Interviews with voters suggest that Edwards is benefiting in rural areas from skepticism about Clinton’s electability.
Deb Stalter, a 57-year-old schoolteacher from Stewart, is supporting Edwards in part because she doesn't think Clinton can win.
“In redneck Iowa,” Stalter said, “we need someone we can elect.”
The Edwards campaign also has been pointing out that there were problems in rural America when Bill Clinton was president and has been portraying Hillary Clinton as a friend of big agriculture.
“Hillary Clinton and the Clintons just flat put the screws to rural America, including NAFTA,” Dave “Mudcat” Saunders, a senior Edwards adviser, said in an interview. “Hillary likes to talk about the jobs they created. The truth of the matter, here in Iowa, there were twice as many jobs lost as there were gained.”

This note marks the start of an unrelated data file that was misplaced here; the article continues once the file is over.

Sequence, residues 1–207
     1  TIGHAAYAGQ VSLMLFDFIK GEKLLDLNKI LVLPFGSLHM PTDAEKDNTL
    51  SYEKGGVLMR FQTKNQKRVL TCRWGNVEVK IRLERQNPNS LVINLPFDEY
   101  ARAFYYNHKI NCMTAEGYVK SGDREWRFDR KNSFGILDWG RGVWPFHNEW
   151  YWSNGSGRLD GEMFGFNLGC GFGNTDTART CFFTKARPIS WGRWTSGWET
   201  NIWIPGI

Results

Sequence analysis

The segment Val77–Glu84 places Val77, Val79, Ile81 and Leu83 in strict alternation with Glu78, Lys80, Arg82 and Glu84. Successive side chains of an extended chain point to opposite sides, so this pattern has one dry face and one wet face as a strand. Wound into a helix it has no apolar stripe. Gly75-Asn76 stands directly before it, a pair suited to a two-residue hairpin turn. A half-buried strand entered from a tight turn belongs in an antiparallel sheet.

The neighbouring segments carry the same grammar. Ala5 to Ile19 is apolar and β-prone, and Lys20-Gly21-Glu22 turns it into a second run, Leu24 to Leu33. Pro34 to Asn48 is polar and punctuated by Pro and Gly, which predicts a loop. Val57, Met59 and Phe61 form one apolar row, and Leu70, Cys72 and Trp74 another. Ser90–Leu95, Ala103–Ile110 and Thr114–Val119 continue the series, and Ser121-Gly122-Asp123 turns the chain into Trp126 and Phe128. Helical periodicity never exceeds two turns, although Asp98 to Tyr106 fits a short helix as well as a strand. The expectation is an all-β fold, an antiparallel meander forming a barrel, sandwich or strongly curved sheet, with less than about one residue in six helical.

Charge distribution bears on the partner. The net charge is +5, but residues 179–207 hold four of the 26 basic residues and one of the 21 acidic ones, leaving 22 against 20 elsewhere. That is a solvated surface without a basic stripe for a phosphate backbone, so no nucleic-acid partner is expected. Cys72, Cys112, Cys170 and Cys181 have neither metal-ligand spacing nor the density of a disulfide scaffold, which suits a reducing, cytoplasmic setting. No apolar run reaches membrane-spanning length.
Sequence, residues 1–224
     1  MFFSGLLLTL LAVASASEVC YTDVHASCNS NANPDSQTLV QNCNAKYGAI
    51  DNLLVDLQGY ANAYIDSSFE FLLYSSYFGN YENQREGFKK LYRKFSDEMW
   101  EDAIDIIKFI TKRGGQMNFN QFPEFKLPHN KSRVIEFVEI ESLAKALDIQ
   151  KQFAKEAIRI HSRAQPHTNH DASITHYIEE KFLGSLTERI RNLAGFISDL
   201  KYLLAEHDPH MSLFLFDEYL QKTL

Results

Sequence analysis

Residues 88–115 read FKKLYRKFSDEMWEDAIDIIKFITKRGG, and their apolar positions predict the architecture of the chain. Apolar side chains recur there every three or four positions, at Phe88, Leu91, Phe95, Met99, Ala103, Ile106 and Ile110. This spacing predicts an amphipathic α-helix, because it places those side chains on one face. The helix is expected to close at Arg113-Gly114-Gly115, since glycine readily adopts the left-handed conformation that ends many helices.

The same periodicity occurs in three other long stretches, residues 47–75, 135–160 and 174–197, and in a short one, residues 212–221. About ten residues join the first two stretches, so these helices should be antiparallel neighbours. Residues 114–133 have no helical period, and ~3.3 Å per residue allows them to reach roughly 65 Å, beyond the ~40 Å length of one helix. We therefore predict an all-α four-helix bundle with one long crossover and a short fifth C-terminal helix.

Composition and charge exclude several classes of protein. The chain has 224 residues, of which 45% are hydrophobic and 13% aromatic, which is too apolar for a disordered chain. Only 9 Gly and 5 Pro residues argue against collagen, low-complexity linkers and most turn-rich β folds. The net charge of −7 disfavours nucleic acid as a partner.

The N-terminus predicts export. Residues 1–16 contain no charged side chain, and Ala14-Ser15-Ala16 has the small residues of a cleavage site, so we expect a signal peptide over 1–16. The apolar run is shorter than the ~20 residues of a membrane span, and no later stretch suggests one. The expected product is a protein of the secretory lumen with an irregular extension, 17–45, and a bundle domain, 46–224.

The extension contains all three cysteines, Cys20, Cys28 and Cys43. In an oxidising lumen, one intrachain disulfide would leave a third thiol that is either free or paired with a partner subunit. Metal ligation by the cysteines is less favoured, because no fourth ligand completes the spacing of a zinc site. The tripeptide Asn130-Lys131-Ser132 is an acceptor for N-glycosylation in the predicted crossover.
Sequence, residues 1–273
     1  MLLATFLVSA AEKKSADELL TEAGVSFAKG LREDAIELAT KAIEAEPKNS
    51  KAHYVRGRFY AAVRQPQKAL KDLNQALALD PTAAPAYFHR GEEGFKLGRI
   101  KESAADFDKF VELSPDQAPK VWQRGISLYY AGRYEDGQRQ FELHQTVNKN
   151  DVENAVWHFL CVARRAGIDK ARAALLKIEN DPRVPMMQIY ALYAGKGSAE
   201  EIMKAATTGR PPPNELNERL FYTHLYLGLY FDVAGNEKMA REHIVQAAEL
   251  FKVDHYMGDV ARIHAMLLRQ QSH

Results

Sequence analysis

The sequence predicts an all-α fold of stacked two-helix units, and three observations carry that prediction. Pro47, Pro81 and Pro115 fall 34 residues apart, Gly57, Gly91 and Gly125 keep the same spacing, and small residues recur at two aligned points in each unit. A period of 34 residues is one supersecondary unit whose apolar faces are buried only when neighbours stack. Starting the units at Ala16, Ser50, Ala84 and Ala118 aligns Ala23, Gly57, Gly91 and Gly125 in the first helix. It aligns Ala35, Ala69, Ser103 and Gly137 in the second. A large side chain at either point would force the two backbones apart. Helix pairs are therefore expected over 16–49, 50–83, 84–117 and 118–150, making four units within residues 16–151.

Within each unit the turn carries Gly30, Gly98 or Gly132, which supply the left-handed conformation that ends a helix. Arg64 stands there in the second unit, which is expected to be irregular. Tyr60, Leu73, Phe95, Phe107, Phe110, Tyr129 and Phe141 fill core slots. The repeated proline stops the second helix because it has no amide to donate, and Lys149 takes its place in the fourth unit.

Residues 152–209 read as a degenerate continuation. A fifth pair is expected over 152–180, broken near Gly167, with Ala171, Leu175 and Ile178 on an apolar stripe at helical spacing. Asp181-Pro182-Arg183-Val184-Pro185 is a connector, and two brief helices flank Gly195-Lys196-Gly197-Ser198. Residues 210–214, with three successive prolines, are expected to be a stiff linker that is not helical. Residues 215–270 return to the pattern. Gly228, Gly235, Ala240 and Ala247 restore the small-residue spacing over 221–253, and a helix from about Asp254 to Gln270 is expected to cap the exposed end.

There's a populist element to Edwards' campaign that several Iowans liken to their own senator, Tom Harkin. Edwards rails against big corporate farm interests, which he says are hurting the small farmer.
“It seems like America has forgotten about the family farmer,” Edwards said Wednesday in Rock Rapids. “What is happening is these big corporate farming operations are running the farmers out of business.”
Bob Sullivan, an 84-year-old farmer from Woodbine, said Edwards talks his language.
“All the things that made America great are disappearing,” Sullivan said. “The corporations are taking over America.”
Edwards had strong appeal in the rural Midwest during his 2004 presidential run. That's an important reason why he finished second to John Kerry in the Iowa caucuses last time and why Kerry dispatched him to many small rural towns during the general election.
But Edwards’ populist image as the champion of the small man may have been tarnished by controversies involving his $400 haircut, his sprawling new home and his involvement in hedge funds.
“That $400 haircut still sticks in my craw,” said Kenneth Buck, a 74-year-old owner of a road construction company in Denison. “He’s smarter than that. At least I thought he was.”
(Christensen reports for The News & Observer in Raleigh, N.C.)